The top 11 metropolitan areas among the 120 in our Jobs Report adding the most jobs in the 12 months ending in October (the latest metro-area figures available) were the same as they were in September, though several changed positions.

New York and Dallas retained the top two spots, while Atlanta and Los Angeles once again traded the Nos. 3 and 4 spots. Washington, DC and Seattle traded the Nos. 5 and 6 spots, while Orlando slid to No. 8, replaced at No. 7 by Denver. Boston slipped one spot to No. 9 and Anaheim moved up one spot to No. 10 as Phoenix slipped to No. 11.

Together, the total jobs created in the 12 months ending in October for these 11 metros were down 7.5% from the annual total in September (689,500 vs. 745,500) and down 13.7% from the 12-month total for October 2015 (689,500 vs. 799,200).

A few metros dropped sharply in the rankings: Chicago fell from No. 12 to No. 27, Minneapolis from No. 13 to No. 20 and Fort Lauderdale from No. 15 to No. 19. Conversely, a few metros moved up in the rankings from last month: Portland jumped from No. 21 to No. 13, Oakland from No. 23 to No. 17 and Charlotte from No. 30 to No. 18. Houston remains positive, but improvement has slowed as well, moving to No. 40 in October from No. 35 in September.

Annual job growth slowed in six of the top 10 markets in October:

  • Dallas (-108 bps)
  • New York (-74 bps)
  • Anaheim (-70 bps)
  • Los Angeles (-61 bps)
  • Atlanta (-52 bps)
  • Orlando (-51 bps)

Job growth was up in:

  • Denver (+88 bps)
  • Seattle (+77 bps)
  • Boston (+31 bps)
  • Washington, DC (+2 bps)

Weakness in energy and manufacturing employment returned Odessa, TX and Oklahoma City to the bottom five list, while major local employer layoffs have rippled through the Greenville, NC and Lexington, KY economies. Those markets lost jobs in the Professional & Business Services, Education & Health and Leisure & Hospitality industries. Milwaukee, WI was also hit hard by layoffs at JP Morgan Chase, Northwestern Mutual, Caterpillar and Harley-Davidson.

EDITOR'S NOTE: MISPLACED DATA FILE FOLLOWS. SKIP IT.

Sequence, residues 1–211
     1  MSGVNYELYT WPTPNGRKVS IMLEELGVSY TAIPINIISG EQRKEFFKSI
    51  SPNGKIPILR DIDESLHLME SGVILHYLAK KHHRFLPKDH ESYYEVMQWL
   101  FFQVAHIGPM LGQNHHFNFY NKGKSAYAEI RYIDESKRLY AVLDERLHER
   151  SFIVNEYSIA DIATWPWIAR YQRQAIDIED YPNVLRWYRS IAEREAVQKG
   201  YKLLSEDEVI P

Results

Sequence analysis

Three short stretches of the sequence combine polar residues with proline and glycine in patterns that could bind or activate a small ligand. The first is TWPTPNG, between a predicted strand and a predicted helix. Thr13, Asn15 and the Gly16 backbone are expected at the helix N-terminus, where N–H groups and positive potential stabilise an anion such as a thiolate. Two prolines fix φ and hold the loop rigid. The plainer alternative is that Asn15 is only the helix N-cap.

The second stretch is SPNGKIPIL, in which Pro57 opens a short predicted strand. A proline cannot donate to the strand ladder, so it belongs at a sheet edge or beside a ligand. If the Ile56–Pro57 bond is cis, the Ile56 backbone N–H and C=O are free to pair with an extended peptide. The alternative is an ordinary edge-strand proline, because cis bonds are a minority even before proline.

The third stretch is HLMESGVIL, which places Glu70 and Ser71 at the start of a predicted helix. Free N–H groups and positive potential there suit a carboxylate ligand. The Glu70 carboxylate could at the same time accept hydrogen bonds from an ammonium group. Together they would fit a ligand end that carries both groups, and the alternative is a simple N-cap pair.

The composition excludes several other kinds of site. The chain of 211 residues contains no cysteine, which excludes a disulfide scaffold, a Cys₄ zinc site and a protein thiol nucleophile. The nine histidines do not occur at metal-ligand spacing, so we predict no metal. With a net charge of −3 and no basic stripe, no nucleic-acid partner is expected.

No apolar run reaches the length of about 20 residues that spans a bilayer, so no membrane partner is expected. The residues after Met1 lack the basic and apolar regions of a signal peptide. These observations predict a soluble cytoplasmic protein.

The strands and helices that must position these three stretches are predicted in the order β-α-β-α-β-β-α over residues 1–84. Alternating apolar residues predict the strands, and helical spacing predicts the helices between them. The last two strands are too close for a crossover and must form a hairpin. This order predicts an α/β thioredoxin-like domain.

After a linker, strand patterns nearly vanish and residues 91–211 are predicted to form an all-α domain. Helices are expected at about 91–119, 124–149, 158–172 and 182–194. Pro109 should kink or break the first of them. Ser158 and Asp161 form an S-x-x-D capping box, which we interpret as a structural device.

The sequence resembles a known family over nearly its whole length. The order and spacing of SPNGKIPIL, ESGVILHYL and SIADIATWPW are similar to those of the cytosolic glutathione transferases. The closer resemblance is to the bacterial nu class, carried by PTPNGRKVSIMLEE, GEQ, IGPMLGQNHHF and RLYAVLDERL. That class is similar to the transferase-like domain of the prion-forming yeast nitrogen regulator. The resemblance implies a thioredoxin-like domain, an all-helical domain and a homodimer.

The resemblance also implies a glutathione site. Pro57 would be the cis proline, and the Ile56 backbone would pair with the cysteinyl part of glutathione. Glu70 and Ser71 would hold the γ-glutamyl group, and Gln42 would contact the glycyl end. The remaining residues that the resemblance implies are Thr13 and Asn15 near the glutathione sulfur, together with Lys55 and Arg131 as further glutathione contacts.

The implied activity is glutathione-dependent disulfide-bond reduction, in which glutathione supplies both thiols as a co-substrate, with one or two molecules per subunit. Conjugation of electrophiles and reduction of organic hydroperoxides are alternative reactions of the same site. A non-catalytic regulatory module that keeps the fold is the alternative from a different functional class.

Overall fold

Please contact us if you have any questions.

Jay Denton
Senior Vice President
KC Sanjay
Sr. Real Estate Economist
Chuck Ehmann
Real Estate Economist

Wage Growth (Finally) Outpaces Rent Growth

Average hourly earnings for private nonfarm employees (wages) grew by 2.5% in November from one year ago, after a 2.8% increase in October. That 2.8% annual increase generated a lot of attention in the media, but pales in comparison to the 3.9% wage increase for October reported by economists at the Federal Reserve Bank of Atlanta. Why the discrepancy?

The following chart graphs annual wage growth as calculated and reported by both the Bureau of Labor Statistics (BLS) and Atlanta Fed. Obvious differences are visible between the two data series, especially in somewhat stronger periods of economic growth (pre-Great Recession and post-2013). The difference is attributable to data sources and methodology.

The Atlanta Fed utilizes data from the BLS’ Current Population Survey (CPS), which interviews a sample of households each month and provides data on the labor force, employment, unemployment, persons not in the labor force, hours of work, earnings, and other demographic and labor force characteristics. This “household survey” provides the widely-reported monthly unemployment rate figure.

One key difference between the two surveys is that the household survey will pick up earners who are unconventionally employed or earn extra income from entrepreneurial activity (think Uber and Airbnb). This tends to explain a large part of the difference in wage growth in the 2007-2008 and post-2013 periods.

In addition, economists at the Atlanta Fed manipulate the survey data in a different way from the BLS. They use a “same-store” sample by matching individual respondents who responded in both the current month and 12 months earlier. This data set has a higher share of older, more educated workers in professional jobs than does the sample of all wage and salary earners. This sample of mainly continuously employed workers in higher-paying jobs can skew the results.

Another key metric in the chart is annual effective apartment rent growth for the U.S. moving monthly. Apartment rent growth rebounded in 2010-2011 after experiencing strong losses during the recession. The shattered single-family market was a large part of the reason for sharply increased apartment demand and resulting spike in rent growth. Growth normalized somewhat through 2013 before spiking again in 2015 and again normalizing. 

In October, annual apartment effective rent growth was 2.6%, 40 bps above its long-term average of 2.2%. In the same month, BLS wage growth was 2.8% and Atlanta Fed wage growth was 3.9% as earnings finally outpaced rent growth, giving those concerned about affordability a reason to breathe. 

Access the latest permit trends tables in Excel format here.The BLS wage growth calculations come from its monthly Current Employment Statistics Survey (CES), which tracks approximately 146,000 businesses and government agencies, providing detailed industry data on employment, hours and earnings of workers on nonfarm payrolls. This “employer survey” provides the monthly job gain figures reported in the media each month.

By the Numbers

The following table shows October 2016 (the latest data available) metropolitan-area job gain and job growth, some grouped by state or region.